The priest droned on, telling a garbled version of the sthala purana, and my attention wandered. I looked at the courtyard and imagined Kuhoo dancing there. "Sigapoovaa raavE yane," I murmured to myself.
A short story by Malladi Ramakrishna Sastry, Ravichandrika, is a beautiful tale. It might even have been true. There is a second tale Kanaka VeeNe, which is equally delightful. Also true, perhaps.
Srinaatha, that great poet of fourteenth century, had a turbulent life. He was feted and pampered and honored in all of the Kondaveedu Empire, and in the land of the Kannada speakers, too. But later, his lords vanquished and patronage departed, he sought the sanctuary of the River Godavari, and lesser kings. Rajamahendravaram and the temple of Maarkandeya Swami gave him shelter in his need.
An ascetic in the temple, Chitti Pantulu, befriended him. At his behest Srinaatha went to worship the lord in Dakshaaraamam, and composed Kaashikhandam and Bhimakhandam there, in the precincts of the temple.
Sastry's Kanaka VeeNe paints a vivid picture of how that happened, how Srinaatha went to Dakshaaraamam and composed his last poetry.
The tale recounts the legend of how Shiva graced the street of the courtesans in Dakshaaraamam, the garden of Daksha, every night, and how townspeople shunned it in deference to the lord's cavorting there. Srinaatha learnt of it, and met the courtesans; they performed the old story for him- how Kama was incinerated by Shiva and how he was given life and form again. Inspired by that, he composed Bhimakhandam and Kaashikhandam in the orchards attached to the temple.
Ravichandrika tells of an event that happened during his stay there, and what happened years later.
Unmoved by the enticements of the courtesans, Srinaatha meditated there, in the gardens attached to the temple, until a clever minx begged a boon of him, asking that their offspring be a poet great enough to win his approbation.
She was clever, wasn't she? Srinaatha was charmed by her clever phrasing of the request and granted her boon, only saying that a son born in her profession had no future, hence she might be better off asking for a daughter to please the lords, the mundane or the heavenly.
He left Dakshaaraamam, and went back to Rajamahendravaram. Chitti Pantulu died, and keeping a word given to him, Srinaatha waited in the temple, offering worship in that man's stead. Years passed.
Perhaps he knew of the events, perhaps not.
In due time, a daughter was born to the courtesan. She was born mute. But she could dance. From the day her mother took her to introduce her to the lord in the sanctum, she worshipped him with dance. She became known as Kuhoo, as that was all she could utter, when she heard the koel call.
By that time Srinaatha was a permanent fixture at the temple of Maarkandeya Swami- a man who had resigned from worldly pursuits and if kings and courtiers visited him, he was unmoved, he was done chasing fame and renown, after all. When a close friend Annayya Mantri described a dream he had had and asked him to accompany him to worship again at Dakshaaraamam, Srinaatha gently refused, saying that he had given his word he'd await Chitti Pantulu's return to hear his poetry.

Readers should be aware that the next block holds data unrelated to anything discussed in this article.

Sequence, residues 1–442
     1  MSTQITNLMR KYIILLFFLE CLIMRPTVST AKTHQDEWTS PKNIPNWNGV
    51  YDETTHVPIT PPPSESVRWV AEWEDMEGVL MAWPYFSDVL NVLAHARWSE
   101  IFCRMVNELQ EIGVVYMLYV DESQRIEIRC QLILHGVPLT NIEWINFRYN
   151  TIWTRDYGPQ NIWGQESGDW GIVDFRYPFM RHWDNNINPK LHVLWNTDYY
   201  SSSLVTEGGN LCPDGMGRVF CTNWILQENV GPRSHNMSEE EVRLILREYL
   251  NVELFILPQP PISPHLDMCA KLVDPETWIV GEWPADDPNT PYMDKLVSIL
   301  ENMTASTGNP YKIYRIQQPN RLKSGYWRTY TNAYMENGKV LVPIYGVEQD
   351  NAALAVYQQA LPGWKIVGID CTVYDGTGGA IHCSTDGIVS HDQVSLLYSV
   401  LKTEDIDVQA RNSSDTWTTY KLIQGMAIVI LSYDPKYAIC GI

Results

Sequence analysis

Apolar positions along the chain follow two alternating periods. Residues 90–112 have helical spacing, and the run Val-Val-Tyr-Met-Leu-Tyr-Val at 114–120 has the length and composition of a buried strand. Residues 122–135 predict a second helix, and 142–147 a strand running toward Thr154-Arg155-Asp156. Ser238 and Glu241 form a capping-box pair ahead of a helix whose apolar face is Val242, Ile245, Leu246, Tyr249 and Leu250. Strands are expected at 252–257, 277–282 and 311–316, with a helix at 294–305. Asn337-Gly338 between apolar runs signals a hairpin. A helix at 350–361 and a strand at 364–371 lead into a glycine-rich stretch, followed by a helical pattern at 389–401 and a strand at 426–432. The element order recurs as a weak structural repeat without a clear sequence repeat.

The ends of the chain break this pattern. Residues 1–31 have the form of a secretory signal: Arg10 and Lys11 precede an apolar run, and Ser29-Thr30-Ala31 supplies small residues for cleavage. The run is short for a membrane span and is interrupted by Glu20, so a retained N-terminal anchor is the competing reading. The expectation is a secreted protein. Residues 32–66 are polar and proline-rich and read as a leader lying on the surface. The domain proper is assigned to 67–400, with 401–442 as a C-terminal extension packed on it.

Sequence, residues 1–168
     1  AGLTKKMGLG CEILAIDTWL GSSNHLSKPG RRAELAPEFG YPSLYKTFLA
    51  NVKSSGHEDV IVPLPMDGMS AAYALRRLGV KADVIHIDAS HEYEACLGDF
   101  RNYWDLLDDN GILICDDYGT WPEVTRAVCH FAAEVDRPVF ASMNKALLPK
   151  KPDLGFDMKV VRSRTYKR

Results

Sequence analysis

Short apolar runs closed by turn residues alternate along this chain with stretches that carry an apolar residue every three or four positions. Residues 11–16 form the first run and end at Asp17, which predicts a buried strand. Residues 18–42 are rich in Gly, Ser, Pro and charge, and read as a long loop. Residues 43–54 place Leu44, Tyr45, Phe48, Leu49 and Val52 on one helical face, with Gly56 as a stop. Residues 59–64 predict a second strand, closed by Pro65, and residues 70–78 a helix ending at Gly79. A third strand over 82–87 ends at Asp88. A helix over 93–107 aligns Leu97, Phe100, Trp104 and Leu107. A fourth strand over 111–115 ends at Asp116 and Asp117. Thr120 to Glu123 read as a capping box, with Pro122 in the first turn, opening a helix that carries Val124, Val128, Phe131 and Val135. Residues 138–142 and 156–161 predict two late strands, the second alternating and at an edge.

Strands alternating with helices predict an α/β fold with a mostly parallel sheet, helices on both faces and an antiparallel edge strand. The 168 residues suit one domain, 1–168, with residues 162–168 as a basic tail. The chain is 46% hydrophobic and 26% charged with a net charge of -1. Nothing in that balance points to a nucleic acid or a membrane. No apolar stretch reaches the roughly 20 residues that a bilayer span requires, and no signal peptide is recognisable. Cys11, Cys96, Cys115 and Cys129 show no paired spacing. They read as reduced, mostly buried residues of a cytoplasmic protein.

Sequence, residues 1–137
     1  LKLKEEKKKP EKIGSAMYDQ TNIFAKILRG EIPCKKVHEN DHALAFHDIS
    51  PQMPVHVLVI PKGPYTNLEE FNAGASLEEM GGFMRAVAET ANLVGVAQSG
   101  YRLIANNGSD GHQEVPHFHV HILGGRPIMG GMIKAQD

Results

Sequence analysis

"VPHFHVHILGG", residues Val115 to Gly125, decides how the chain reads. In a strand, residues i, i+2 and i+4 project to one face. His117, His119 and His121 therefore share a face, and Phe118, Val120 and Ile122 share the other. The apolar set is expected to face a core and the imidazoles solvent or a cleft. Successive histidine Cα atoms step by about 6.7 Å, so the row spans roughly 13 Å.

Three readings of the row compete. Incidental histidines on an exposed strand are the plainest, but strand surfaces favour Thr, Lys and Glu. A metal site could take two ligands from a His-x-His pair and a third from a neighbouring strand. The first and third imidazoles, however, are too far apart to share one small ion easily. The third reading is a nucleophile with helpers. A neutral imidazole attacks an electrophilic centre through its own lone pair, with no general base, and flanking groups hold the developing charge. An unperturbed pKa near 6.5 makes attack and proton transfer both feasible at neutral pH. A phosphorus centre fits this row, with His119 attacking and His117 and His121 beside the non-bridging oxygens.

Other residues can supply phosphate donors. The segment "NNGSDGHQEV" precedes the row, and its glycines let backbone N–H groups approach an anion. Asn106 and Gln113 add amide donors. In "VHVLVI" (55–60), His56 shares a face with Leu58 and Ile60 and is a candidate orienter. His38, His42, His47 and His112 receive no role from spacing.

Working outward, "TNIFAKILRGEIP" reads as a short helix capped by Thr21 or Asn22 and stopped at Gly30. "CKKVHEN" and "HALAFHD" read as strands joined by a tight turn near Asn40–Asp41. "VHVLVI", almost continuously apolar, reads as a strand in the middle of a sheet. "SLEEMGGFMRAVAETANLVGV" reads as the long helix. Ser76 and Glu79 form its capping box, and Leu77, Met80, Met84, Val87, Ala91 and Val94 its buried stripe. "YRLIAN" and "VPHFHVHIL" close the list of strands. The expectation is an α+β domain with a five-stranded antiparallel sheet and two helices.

Annayya Mantri's dream came true, on the night of Shiva.
Kuhoo worshipped the lord with dance, and a swarm of bees chased the crowds away. On Shivaraatri, the lord himself invited her to join him, sending the bees as messengers, thereby telling her to come to Srisailam, where he was known as the lord of the jasmines.
Annayya Mantri, who was unharmed by the messengers of the lord, recited Bhimakhandam and Kaashikhandam to the young woman, and she spoke for the first time in her life. He called me, she said, and this was how he invited her, Sastry says:
Sigapoovaa raavE yane, nagumomuna cherisagammu naade yane, nee sogasula nanu gaisEyave, jigikempula movi sudhalu jilukan raavE.
(What an invitation! This is no less than the lord god in charge of endings, Shiva himself, begging a maiden's attention and more.
Come, the flower I wear in my locks; half of my smiling countenance shall be yours; accept me and welcome me to your graces; bestow the nectar of glistening ruby lips, come.
Sigapoovu: a flower worn in hair. But here, the hair ornament is the crescent moon that Shiva wears in his matted locks. Nagumomuna cherisagammu naade yane: he is offering union, as arthanaareesvara, no less, a chance to become the feminine aspect of his wholeness. Nee sogasula nanu gaisEyave: but then he is pleading, accept my attentions, let me partake of your grace. Jigikempula movi sudhalu jilukan raavE: come, bestow the nectar of your glistening ruby lips on me, he is begging.)
Kuhoo left for Srisailam. Informed of the events by Annaya Mantri, Srinaatha travelled there. In the temple gardens, jasmine-scented moonlight paid homage to Kuhoo, and the lord made her gifts of serpents to adorn her wrists and neck. Like a snow-clad peak she shone as she awaited the lord to consummate their union; and the lord awaited the father to ask for the maiden's hand.
Srinaatha saw his daughter for the first and the only time. She greeted him as father. And the lord turned her in to a flame of camphor and took her to himself.
Where is Srinaatha, asks Sastry, is he not alive in his poetry?
Where is Malladi Ramakrishna Sastry? Does he not live on in his works?